The stream classes are located in the System.IO namespace, together with other classes that can be used to manage the directories and files on your computer. To get an overview of these classes, you can briefly browse through the .NET Framework documentation of the System.IO namespace.
As you gradually get to know the stream classes, you will see that there are usually several ways (perhaps involving different classes) to accomplish the same end result. In this brief presentation, I have chosen a few frequently used ways to get some simple jobs done and will only look at a small subset of the many available classes in the System.IO namespace.
Table 22.1 contains the classes we will look at in the following sections. A FileInfo instance encapsulates a file in a directory on your computer's file system. It contains numerous methods for manipulating a file and for discovering details about it. The FileInfo class is discussed in more detail in the next section.
|FileInfo||An instance of FileInfo represents a file in your computer's file system. It lets you modify and gather details about the file it represents, and it enables you to create new files and delete existing files.|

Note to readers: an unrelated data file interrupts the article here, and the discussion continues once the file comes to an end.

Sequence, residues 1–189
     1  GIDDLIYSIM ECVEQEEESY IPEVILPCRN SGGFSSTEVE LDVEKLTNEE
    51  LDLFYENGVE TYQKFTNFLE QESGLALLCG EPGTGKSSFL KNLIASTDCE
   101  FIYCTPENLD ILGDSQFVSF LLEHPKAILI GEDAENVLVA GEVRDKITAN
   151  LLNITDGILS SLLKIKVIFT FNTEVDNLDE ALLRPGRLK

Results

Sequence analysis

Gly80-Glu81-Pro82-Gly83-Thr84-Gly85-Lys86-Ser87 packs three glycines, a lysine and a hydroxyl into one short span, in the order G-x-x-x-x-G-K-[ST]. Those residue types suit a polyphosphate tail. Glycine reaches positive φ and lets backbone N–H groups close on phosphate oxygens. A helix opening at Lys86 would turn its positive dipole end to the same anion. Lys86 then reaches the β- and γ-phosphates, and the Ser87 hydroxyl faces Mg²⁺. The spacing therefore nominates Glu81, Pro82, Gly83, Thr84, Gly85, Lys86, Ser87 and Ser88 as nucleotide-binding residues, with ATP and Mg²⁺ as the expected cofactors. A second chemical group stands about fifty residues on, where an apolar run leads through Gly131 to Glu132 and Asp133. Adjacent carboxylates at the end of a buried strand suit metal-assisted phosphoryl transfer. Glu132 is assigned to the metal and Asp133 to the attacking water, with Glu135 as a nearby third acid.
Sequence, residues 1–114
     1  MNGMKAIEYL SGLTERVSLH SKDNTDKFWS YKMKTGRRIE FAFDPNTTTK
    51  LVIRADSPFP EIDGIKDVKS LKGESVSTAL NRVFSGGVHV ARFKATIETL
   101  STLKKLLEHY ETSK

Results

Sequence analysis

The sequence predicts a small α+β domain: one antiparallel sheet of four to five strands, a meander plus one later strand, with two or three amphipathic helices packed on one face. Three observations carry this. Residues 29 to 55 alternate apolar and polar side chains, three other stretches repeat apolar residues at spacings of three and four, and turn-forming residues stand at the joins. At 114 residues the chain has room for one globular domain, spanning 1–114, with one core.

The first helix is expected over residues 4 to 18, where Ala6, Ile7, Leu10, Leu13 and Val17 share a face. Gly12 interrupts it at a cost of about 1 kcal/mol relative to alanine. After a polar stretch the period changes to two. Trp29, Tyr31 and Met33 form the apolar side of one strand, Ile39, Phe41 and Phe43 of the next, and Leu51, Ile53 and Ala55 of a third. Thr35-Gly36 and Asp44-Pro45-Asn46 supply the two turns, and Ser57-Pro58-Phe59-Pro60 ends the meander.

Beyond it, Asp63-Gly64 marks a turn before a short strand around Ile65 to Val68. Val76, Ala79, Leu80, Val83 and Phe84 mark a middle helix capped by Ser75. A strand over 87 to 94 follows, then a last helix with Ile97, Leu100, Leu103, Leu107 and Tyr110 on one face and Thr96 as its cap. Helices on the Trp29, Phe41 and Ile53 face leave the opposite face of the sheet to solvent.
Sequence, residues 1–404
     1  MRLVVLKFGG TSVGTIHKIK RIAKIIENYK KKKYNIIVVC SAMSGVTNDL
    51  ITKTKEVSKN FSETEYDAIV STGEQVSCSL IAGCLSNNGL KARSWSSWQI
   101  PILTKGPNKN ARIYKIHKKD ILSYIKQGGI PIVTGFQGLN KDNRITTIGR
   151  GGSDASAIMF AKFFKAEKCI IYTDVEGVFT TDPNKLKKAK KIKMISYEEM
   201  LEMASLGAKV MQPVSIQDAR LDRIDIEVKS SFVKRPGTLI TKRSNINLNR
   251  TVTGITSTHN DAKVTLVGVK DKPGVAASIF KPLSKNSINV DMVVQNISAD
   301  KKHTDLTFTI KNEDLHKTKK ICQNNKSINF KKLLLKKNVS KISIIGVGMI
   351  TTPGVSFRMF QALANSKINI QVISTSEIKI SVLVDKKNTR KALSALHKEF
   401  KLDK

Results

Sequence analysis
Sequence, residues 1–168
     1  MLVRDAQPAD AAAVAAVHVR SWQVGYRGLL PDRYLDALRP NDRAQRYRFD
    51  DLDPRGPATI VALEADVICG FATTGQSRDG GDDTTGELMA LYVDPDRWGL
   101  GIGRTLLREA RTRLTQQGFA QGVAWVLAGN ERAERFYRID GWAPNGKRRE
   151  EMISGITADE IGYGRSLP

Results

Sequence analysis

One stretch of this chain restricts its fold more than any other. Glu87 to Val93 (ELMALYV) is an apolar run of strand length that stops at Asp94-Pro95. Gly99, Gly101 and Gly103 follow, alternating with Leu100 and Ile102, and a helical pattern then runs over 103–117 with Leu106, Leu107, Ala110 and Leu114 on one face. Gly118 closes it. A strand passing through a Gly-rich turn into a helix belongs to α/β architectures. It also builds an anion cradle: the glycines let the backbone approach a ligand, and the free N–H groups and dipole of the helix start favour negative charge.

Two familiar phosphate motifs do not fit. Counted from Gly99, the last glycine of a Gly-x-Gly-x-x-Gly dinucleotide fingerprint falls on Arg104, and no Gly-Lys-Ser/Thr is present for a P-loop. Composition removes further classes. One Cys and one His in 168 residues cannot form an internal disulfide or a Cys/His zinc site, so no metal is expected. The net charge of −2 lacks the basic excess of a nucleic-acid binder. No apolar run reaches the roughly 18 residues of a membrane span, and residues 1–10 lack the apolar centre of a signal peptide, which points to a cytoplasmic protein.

|Character-based input and output streams.|
|FileStream||Used to read and write to binary files.|
Instances of the StreamReader and StreamWriter classes represent character streams by which you can read and write text to a text file.
An instance of the FileStream will read and write both text and binary files. However, if you are certain that you are dealing with a text file, the StreamReader and StreamWriter classes contain facilities that make this task easier to accomplish.
Notice that a FileInfo object does not represent a stream object. Instead, you can use its OpenText and CreateText methods to return StreamReader and StreamWriter objects, providing stream access to the file represented by the FileInfo object.
Similarly, you can use a FileInfo object's OpenRead and OpenWrite methods to return a FileStream object that can be used to read and write to either the associated binary file or text file.